Paris feels like somebody took Rome and stretched it out. Paris has wide boulevards in place of Rome’s winding alleys, verdant parks instead of cobbled piazzas, and speedy subways rather than wheezing buses. I noticed a lot of similarities between the cities, but Paris felt distinctly more like a working city. It seems like everyone in Rome must work in service or tourism because the city’s industrial, commercial center is invisible. There are no skyscrapers in Rome. There are no skyscrapers in the heart of Paris either, but the tall buildings of the La Defense financial district pop up at the eastern end of the Champs Elysees.
When my parents visited me in Rome, I realized just how much Italian is spoken in Rome and how difficult Rome would be for non-Italian speakers to negotiate. Paris was very French – even in areas that were highly populated by tourists, the vendors and ticket agents spoke French. Maybe they were just reluctant to speak English – the French have a whole academy dedicated to preserving their lovely language from the bastardizing influence of English and words like “iPod” and “weekend.”
I took French for four years in high school. Switching to Italian in college caused me to promptly forget nearly all of the French I had learned, so I was curious to see what French would come back to me during my visit to Paris. Not much. Out of the seven boys I was traveling with (we picked up a few along the way), I was the only person who had any remote experience with the language, so I suddenly became chief translator and navigator. Miraculously, I managed to remember my polite French (greetings, how to order at a restaurant, etc.), and that was almost enough to get by for three days.
Paris was my only non-negotiable this semester. When the semester began, I knew I didn’t want to visit cities that I might be able to see later in life; that’s why I came out so strongly against visiting London. Having never been to Paris, I knew that it was absolutely essential for me to visit during my semester in Europe. Yes, there is a good chance that I’ll go back to Paris later in life, but there is also no way that I would have felt satisfied in my travels if I had skipped it now.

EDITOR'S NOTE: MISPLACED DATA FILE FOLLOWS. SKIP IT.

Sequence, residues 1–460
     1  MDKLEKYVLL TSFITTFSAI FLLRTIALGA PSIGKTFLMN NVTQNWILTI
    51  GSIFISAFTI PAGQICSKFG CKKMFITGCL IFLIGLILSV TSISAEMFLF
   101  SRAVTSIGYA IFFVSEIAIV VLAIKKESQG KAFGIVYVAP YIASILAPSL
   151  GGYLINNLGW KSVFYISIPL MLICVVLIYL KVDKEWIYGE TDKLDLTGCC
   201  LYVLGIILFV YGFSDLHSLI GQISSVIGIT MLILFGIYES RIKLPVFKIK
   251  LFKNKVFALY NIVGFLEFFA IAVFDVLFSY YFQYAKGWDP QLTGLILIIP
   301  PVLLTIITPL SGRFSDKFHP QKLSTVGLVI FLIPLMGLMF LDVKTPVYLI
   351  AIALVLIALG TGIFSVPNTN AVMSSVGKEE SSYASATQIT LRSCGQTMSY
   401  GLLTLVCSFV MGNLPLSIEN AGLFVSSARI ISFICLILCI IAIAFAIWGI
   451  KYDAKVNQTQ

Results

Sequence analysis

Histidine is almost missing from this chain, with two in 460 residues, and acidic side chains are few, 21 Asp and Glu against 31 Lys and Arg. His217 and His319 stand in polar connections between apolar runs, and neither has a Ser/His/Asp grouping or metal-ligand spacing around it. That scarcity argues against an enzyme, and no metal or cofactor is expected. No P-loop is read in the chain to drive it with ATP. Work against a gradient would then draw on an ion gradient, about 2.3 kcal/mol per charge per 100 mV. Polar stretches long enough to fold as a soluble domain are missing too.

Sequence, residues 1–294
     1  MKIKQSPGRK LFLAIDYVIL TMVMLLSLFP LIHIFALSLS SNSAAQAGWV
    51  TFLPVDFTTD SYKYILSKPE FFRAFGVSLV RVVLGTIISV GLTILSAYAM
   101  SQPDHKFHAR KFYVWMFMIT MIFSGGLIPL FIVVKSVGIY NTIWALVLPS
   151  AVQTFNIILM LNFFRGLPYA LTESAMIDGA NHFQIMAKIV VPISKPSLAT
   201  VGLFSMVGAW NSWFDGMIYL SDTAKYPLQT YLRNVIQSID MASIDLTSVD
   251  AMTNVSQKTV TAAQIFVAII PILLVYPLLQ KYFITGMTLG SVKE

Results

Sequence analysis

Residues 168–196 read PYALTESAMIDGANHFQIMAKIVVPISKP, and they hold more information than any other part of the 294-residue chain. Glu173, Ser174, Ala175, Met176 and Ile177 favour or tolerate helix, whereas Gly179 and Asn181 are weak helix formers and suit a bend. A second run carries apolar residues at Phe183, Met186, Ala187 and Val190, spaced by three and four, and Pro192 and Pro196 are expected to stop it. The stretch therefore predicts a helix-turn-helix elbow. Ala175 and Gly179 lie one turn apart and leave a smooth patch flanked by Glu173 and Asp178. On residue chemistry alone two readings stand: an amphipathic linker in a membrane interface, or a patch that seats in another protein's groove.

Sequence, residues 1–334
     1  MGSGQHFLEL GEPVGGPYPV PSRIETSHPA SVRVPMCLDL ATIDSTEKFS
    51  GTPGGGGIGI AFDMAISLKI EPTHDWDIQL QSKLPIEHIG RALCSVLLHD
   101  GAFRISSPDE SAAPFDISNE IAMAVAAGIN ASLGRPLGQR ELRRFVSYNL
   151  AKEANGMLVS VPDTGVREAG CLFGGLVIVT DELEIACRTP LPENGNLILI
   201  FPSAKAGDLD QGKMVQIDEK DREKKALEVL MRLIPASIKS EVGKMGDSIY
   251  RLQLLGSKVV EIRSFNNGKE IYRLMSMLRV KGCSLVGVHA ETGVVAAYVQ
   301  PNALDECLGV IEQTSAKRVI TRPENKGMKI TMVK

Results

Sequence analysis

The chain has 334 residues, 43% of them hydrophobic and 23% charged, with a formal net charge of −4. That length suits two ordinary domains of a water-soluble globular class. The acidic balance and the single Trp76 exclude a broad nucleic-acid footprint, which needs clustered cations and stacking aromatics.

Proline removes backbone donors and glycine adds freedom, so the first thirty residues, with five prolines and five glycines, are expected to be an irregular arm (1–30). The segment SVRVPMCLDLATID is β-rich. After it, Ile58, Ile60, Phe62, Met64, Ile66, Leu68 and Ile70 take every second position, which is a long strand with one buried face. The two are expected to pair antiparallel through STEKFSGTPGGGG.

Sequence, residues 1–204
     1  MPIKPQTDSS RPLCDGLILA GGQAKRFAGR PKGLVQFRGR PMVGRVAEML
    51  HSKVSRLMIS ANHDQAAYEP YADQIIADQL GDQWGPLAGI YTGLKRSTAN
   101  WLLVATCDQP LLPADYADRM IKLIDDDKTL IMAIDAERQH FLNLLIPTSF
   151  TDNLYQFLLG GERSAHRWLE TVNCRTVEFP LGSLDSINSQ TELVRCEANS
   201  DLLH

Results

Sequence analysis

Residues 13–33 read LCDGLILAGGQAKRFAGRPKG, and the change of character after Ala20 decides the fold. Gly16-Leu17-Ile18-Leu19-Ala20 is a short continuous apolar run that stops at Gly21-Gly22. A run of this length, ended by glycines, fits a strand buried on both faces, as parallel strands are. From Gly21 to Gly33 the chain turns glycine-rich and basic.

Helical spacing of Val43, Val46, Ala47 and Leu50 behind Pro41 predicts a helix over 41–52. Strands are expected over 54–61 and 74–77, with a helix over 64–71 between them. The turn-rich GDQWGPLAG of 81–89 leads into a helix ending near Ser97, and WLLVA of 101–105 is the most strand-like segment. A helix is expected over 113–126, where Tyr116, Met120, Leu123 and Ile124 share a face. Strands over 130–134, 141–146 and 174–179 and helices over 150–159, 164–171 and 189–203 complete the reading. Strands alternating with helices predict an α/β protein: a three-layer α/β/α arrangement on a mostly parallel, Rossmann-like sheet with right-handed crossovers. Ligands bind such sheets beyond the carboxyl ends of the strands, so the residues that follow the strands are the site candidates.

–Eiffel Tower: Wow. In pictures, we usually see the Eiffel Tower as part of the Parisian skyline, normally far off in the distance. Up close and personal, it’s really big. I’m not one for heights, but standing underneath gave me a good sense of what it might have been like to climb the stairs and take the elevator up to the top.
On our first night in Paris, we took the Metro over to the Eiffel Tower and arrived at 10:40 p.m., just after the last elevators went up, so we made our way to the adjacent park to take pictures. We were goofing around and taking all sorts of silly photos in the dark when all of a sudden, the Tower erupted into a million flashing lights. Surprise! None of us knew, but each night, there is a five-minute long light show every hour, on the hour at the Eiffel Tower after nightfall. It was stunningly beautiful. The unexpected light show was just magical – it absolutely made my trip.
–The Louvre: I went to the Louvre by myself, and it completely stressed me out. It’s one of those sublime things, knowing that it is just too big for one person to handle and appreciate at once. I saw the Mona Lisa. I had been well prepared to expect it to be small, so I actually thought it was bigger than everyone made it out to be. It pretty much looked like every picture I’ve ever seen of it. More interesting was the “Wedding at Cana” painting on the opposite wall. I saw the Venus de Milo, I saw the Winged Victory of Samothrace. Check, check, check.
In a fervent and frustrated attempt to evade umbrella-brandishing groups of Asian tourists, I ended up in a rather empty wing of the Louvre, surrounded by lots of tapestries and cabinets. I think the only way I would be able to do the Louvre the right way would be with a guide and a lot of time. Never again will I go to a European city without a guidebook – preferably one by Rick Steves. I can’t imagine how much more I would have gotten out of the Louvre with a good guidebook. The audio guide for the Louvre was kind of useless, but I suppose it would be unrealistic to have substantive commentary for more than 35,000 works.